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The Intolerable Acts, also known as the Coercive Acts, were five laws that were passed by the British Parliament against the American Colonies in 1774 after the Boston Tea Party. Browse the fact file below or download the entire 15 page premium worksheet pack to utilise within the classroom or home learning environment.
What Were The Intolerable Acts?
- The name “Intolerable Acts” was given to the Coercive Acts by American Patriots. They chose this name because the patriots could not “tolerate” the unfair and punitive laws. In Great Britain, the laws were called the Coercive Acts.
- The British Government passed the Intolerable Acts as a punishment to the colonies for the Boston Tea Party. The British wanted to punish the colonists for their defiance in throwing a large tea shipment into Boston harbor. They were meant to punish the Massachusetts colonists for their defiance in throwing a large tea shipment into Boston harbor.
Act 1: The Boston Port Act
- The first act passed was the Boston Port Act. This was a specific act that was in direct response to the Boston Tea Party. The objective of the Boston Port Act was to close the port until the colonists had fully paid for the tea they dumped. The colonists thought it was unfair because it punished all citizens for the crime of a few. The other colonies sent supplies to help the residents of Boston.
Act 2: The Massachusetts Government Act
- The second act was the Massachusetts Government Act. It changed the government of the Massachusetts colony and gave more power to the governor, while taking power away from the colonists. The governor was appointed by Great British and he was able to appoint his own government officials. This act spread fear across the colonies because if the British could punish Boston, they could do it to all the colonies.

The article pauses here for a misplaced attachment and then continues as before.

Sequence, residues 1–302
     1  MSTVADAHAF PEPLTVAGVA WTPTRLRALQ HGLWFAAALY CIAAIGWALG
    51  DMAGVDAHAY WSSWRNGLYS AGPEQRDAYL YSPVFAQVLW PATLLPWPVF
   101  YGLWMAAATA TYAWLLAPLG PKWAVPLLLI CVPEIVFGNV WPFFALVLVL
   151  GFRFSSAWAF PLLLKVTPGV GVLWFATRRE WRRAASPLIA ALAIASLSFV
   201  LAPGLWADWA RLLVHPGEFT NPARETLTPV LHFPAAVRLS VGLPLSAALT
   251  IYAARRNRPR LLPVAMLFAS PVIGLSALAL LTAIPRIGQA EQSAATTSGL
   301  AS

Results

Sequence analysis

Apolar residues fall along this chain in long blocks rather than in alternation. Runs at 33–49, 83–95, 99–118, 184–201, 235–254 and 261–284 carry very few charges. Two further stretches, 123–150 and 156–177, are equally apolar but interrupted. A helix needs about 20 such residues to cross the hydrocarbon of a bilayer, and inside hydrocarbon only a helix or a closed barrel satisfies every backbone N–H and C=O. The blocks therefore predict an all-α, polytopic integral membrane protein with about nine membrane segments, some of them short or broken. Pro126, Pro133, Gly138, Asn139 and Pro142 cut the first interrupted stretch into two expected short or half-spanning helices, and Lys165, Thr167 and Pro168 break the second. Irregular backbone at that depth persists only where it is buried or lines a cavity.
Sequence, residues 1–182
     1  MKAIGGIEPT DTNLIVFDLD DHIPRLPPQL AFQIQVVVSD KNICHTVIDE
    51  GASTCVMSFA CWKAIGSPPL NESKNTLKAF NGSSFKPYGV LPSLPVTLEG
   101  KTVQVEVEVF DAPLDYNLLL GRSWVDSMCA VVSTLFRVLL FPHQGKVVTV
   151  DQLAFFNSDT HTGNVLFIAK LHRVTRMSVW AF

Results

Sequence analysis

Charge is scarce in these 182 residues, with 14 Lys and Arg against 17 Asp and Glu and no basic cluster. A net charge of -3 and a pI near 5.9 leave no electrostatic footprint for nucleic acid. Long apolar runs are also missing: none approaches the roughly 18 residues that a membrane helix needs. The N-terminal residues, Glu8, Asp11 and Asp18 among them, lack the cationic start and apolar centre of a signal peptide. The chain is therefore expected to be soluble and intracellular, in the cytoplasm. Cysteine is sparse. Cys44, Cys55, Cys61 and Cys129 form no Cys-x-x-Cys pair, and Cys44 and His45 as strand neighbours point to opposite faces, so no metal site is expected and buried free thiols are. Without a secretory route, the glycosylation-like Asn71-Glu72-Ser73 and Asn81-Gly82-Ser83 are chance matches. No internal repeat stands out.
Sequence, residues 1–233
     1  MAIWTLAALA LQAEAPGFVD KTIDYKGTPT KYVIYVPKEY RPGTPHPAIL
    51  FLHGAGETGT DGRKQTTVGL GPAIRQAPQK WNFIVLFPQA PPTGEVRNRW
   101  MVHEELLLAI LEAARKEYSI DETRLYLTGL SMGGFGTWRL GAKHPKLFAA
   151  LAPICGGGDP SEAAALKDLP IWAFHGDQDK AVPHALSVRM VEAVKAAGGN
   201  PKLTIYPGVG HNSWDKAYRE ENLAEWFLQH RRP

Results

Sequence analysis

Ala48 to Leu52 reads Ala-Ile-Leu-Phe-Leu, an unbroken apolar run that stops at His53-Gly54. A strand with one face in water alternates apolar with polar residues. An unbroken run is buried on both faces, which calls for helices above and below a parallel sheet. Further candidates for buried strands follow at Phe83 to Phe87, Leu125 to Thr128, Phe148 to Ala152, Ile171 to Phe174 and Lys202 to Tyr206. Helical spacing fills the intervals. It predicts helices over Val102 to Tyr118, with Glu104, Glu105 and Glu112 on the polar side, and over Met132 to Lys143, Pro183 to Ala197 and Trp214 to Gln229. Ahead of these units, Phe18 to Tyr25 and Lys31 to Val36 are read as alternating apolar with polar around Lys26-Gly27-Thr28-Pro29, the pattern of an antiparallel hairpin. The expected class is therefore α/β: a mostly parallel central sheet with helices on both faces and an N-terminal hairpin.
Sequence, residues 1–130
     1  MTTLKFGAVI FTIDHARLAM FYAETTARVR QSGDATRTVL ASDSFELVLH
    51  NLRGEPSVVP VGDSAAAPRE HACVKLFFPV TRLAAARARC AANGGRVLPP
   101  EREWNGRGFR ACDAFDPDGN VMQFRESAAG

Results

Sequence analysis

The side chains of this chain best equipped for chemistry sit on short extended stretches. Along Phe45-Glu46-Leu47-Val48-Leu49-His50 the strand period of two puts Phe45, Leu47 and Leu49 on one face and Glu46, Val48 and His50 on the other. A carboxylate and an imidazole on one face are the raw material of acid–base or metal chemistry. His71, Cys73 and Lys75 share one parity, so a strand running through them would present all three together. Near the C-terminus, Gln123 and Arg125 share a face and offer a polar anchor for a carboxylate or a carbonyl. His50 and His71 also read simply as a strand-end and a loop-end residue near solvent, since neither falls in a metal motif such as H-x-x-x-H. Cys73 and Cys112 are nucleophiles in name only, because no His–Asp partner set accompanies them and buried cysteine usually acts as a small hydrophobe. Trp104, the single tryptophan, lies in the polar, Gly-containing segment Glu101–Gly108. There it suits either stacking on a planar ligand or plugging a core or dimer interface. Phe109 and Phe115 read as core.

Act 3: The Administration of Justice Act
- The third of the Intolerable Acts was the Administration of Justice Act. With this act, the governor could move capital trials against government officials to Great Britain. This gave a lot of protection to government officials and witnesses would have travel to Britain if they wanted to testify against an official – making it nearly impossible to convict. The colonists were angered by this act and some called it the “Murder Act” because they thought it would let officials get away with murder.
Act 4: The Quartering Act
- The Quartering Act, introduced in 1774, was an expansion of the original Quartering Act of 1765. The law stated that colonies were required by law the provide barracks for British soldiers. When barracks were not available, soldiers must be housed in other buildings like barns, hotels, and even colonist homes.
Act 5: The Quebec Act
- The fifth of the Intolerable Acts expanded British Canadian territory into Ohio Valley. The Quebec Province became a Catholic province and it angered a lot of American colonists. The Quebec Act wasn’t in response to the Boston Tea Party, but was passed at the same time.
What Happened After the Intolerable Acts?
The Intolerable Acts were one of the major events in the American Revolutionary War and actually united the colonies against the British. Many American Patriots spoke out and protested the acts because they believed they took away some of their basic freedoms and human rights.
In September of 1774, the Patriots organized the First Continental Congress to coordinate a protest, and between September and April of 1775 tensions escalated and the American Revolutionary War broke out.
The war lasted more than a year, ending in July 1778 with the declaration of an independent United States of America.
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Link will appear as Intolerable Acts: Facts, Definition & Worksheets: https://kidskonnect.com - KidsKonnect, December 8, 2016
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